Getting in the Zone
Over a period of time, the county would be able to recapture the short-term revenue loss with a larger payoff in the long term due to increasing property values. On Feb. 28, 2006, the San Bernardino County Board of Supervisors approved a policy, sponsored by Supervisor Ovitt and Board Chair Bill Postmus, that realigns the ad valorem property tax split between the county and low-property-tax cities through the implementation of a Revenue Enhancement Zone program.
The zone program is an outgrowth of the need to share property tax more equitably between the county and low-property-tax cities. Many cities formed in the 1980s and ’90s were at a distinct disadvantage when negotiating their original tax split with counties. This created a disincentive to promote residential development and certain types of commercial development without an ongoing revenue stream to fund basic municipal services, such as police and fire protection, infrastructure expansion, parks and libraries.
The Revenue Enhancement Zone program has six key criteria:
1. Land must have been annexed by a qualifying city prior to Dec. 1, 1996;
2. The minimum zone size is 20 contiguous acres with no substantive prior development;
3. Land within a zone cannot be part of a redevelopment agency project area now or in the future;
4. Eminent domain cannot be used to create a zone;
5. The ad valorem property tax split between the county and the host city would be 50-50 on all new taxes generated from development, up to a maximum of 10 percent to the host city with no redevelopment areas or
7 percent to a host city that has redevelopment areas; and
6. The Revenue Enhancement Zones would have a 25 year sunset from the date an agreement is signed with the county to create the zone.
By focusing on undeveloped land that is a nonperforming asset for the county and the host city, the zones provide a mechanism to increase available revenue for critical services as property tax revenue increases. Because the program targets areas producing minimal property tax due to lack of development, and in many cases includes properties that might not be developed for many years, the tax split resulting from ensuing development turns marginal property into a “performing asset” for the community, creating a win-win situation for the county and the host city. The increased ability of the host city to provide improved levels of municipal services provides a strong incentive for developers and host cities. The Revenue Enhancement Zone program includes, for the first time, residential property in addition to commercial and industrial property.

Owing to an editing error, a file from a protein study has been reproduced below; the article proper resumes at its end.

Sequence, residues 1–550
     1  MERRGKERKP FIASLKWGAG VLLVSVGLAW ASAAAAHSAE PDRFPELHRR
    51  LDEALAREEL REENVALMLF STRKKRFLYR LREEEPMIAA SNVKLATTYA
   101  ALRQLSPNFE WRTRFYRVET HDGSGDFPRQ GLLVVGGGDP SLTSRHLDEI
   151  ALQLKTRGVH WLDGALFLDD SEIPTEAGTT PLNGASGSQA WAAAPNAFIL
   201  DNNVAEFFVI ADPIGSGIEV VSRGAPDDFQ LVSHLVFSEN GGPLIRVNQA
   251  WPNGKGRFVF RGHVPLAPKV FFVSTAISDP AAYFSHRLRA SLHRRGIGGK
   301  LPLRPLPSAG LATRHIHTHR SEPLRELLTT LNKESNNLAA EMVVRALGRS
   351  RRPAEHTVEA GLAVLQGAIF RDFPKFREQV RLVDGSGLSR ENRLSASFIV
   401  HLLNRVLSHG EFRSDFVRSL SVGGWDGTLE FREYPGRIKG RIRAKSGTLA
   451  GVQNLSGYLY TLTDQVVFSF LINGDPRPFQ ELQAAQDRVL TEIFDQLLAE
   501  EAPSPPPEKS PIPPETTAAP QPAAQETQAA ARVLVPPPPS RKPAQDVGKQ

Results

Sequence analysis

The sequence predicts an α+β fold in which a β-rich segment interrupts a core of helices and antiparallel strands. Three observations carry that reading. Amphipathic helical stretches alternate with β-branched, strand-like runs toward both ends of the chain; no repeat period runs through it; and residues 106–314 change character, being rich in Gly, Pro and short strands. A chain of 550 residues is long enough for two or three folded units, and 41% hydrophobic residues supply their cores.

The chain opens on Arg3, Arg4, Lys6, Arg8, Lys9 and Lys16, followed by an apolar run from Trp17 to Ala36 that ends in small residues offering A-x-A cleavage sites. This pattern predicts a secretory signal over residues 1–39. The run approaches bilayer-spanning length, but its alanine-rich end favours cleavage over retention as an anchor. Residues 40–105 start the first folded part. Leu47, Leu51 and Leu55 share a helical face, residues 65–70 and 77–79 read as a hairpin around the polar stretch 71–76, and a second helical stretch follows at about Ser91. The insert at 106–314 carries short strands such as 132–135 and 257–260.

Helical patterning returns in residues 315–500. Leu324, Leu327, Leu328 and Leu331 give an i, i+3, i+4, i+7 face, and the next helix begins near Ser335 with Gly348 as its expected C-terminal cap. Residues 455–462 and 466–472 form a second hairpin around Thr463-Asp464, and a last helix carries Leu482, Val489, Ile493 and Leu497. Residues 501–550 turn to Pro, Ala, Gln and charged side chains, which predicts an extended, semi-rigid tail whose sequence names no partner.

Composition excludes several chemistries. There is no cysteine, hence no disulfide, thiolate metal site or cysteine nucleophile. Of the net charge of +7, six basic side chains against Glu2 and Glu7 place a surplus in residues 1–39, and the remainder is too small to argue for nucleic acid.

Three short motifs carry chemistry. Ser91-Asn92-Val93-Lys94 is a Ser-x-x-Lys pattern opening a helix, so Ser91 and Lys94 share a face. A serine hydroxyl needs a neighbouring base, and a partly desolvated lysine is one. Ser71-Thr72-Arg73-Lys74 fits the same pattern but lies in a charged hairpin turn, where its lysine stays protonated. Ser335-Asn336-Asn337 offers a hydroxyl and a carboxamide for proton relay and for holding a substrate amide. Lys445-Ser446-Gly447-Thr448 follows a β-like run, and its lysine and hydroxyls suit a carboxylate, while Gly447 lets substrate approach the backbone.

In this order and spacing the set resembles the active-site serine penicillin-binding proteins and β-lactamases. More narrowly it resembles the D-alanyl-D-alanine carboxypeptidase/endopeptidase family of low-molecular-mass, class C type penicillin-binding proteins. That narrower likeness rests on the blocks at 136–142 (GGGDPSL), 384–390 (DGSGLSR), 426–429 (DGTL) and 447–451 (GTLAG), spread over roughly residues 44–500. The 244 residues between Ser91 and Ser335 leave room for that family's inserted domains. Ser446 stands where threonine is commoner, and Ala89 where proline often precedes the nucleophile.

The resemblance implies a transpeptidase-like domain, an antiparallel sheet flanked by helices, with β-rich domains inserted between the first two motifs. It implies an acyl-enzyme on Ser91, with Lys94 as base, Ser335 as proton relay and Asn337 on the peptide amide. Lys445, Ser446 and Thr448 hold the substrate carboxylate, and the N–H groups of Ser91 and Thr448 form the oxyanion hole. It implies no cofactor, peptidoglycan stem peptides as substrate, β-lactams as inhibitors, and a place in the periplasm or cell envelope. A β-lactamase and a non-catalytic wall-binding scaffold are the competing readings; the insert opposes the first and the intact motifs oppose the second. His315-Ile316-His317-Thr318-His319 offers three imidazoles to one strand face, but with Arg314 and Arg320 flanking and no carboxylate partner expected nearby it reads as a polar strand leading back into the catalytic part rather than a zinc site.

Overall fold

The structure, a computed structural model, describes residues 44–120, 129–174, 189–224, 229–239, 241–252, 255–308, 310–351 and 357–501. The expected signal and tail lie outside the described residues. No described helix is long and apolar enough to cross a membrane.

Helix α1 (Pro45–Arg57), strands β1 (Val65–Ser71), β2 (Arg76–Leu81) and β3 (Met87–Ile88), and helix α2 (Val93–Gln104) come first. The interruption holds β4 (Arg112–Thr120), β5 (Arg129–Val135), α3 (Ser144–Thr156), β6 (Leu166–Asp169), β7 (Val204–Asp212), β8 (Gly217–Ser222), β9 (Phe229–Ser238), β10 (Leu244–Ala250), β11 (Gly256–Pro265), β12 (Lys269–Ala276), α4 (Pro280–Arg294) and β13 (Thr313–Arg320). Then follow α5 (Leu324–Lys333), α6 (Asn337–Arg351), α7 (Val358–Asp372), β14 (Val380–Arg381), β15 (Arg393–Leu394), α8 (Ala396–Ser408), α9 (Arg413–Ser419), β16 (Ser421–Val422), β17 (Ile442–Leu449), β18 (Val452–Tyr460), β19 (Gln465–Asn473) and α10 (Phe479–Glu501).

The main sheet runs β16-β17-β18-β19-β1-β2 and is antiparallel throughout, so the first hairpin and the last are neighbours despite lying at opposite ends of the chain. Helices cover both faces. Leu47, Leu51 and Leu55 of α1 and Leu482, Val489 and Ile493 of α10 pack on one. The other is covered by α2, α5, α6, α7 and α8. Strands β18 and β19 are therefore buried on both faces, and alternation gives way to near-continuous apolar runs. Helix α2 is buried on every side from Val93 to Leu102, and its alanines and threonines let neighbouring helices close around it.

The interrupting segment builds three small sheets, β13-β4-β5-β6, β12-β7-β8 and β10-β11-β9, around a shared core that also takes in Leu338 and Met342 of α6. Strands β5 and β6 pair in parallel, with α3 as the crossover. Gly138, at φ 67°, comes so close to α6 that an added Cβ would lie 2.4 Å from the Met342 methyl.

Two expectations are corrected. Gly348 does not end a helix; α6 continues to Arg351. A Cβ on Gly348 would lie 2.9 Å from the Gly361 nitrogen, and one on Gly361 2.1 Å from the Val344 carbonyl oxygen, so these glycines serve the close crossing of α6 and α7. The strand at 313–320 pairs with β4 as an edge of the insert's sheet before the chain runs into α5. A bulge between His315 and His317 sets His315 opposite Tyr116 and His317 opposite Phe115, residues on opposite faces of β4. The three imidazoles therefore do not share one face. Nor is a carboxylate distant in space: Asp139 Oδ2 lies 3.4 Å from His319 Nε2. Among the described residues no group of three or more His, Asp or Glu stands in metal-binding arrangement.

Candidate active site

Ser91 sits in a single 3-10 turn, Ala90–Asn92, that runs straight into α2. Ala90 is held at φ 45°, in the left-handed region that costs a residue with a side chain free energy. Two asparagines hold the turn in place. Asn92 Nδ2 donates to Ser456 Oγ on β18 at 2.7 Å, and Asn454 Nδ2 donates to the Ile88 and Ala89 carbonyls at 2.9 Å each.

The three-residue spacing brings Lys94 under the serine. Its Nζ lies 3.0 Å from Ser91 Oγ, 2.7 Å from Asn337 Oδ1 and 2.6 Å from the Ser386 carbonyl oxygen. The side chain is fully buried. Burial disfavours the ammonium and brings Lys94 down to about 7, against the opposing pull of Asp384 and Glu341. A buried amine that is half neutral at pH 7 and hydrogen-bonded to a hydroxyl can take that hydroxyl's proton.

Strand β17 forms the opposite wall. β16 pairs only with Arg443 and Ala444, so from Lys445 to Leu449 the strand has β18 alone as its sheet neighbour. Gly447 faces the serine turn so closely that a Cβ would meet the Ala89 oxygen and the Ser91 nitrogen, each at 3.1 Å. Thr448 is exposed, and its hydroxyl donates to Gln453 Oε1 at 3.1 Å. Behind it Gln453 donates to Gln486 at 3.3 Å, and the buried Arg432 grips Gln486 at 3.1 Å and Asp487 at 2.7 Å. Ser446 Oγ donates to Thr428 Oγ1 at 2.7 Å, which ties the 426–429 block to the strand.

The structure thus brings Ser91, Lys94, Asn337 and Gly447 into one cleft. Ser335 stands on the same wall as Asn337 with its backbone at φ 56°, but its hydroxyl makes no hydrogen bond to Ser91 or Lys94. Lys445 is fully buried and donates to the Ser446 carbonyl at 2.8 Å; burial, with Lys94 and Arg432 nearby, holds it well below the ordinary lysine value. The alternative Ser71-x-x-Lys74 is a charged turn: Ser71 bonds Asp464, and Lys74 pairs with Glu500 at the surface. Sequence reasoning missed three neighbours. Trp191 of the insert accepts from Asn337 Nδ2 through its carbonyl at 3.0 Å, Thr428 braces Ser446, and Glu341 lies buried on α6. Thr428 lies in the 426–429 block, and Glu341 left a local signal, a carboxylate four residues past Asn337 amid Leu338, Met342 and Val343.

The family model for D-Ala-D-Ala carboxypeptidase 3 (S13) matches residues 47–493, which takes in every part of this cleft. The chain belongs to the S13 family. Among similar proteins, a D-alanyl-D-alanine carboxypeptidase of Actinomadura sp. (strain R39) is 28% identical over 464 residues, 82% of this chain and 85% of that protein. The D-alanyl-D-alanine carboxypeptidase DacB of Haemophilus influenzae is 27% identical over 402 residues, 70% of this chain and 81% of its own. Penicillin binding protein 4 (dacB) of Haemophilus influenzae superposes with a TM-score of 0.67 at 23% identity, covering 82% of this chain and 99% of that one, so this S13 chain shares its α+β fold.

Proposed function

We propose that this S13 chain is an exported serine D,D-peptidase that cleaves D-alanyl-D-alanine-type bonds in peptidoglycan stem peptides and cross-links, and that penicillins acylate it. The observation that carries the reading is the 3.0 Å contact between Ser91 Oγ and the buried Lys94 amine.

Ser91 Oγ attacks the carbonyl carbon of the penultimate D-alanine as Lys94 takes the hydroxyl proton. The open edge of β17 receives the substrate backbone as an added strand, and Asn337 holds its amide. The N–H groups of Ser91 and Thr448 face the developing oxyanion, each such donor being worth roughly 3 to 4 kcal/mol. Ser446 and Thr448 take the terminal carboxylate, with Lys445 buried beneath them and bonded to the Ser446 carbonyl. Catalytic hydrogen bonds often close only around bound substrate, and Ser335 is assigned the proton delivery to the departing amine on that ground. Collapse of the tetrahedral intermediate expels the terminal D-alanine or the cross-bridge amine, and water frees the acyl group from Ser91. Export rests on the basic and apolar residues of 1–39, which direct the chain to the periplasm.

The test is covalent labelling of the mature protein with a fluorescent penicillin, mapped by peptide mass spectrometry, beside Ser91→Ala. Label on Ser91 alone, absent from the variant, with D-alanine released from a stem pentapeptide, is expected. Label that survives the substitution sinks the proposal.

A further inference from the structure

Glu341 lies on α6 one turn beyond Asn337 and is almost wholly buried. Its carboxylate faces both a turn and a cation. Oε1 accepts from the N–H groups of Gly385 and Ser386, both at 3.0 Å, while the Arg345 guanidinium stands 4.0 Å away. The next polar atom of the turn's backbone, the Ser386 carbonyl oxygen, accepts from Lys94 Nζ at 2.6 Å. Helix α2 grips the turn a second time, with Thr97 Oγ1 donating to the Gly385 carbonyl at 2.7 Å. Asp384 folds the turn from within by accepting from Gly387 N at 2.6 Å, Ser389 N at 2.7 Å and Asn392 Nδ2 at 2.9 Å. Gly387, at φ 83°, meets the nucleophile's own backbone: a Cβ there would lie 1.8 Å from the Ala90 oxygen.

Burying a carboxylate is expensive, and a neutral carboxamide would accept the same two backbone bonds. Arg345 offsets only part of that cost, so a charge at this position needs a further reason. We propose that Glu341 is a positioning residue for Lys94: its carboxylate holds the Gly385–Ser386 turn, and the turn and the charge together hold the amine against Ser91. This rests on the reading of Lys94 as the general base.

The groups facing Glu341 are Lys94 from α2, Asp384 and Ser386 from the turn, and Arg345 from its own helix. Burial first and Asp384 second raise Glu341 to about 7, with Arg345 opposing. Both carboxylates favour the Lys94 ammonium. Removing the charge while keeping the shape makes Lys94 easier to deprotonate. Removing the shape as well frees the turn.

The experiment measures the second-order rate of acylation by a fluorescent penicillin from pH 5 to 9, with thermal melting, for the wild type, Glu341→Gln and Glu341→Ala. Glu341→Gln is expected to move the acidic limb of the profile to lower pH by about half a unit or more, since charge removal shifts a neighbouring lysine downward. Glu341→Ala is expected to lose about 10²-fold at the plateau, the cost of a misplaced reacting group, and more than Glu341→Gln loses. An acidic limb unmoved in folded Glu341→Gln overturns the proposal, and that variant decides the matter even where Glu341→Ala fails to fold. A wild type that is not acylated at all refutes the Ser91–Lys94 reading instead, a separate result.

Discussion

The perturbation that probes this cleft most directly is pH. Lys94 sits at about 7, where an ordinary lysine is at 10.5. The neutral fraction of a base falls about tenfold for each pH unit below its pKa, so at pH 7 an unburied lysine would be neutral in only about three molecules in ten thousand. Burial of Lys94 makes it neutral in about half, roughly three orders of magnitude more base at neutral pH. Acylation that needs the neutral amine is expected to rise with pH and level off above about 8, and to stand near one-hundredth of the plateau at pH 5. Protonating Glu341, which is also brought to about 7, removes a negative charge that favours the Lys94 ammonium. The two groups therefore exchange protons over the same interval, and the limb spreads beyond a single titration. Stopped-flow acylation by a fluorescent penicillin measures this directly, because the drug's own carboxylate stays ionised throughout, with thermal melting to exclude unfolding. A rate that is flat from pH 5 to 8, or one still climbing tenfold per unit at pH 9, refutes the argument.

The city is moving forward with a major public-private partnership on the “Shoppes at Chino Hills” — a lifestyle retail center that will benefit from the agreement with the County of San Bernardino. The property was city owned and produced no property tax for the county. Opus West, the developer and new owner of the land, is making a $125 million investment in Chino Hills, which translates into an increase in property value. The result will be higher net property tax revenue for the county and city over the next 25 years, a shopping center that introduces merchants not previously located in the area, and a new sales tax base for the city. Chino Hills and the County of San Bernardino will reap the benefits of thiswin-win solution to the apportionment
of property taxes.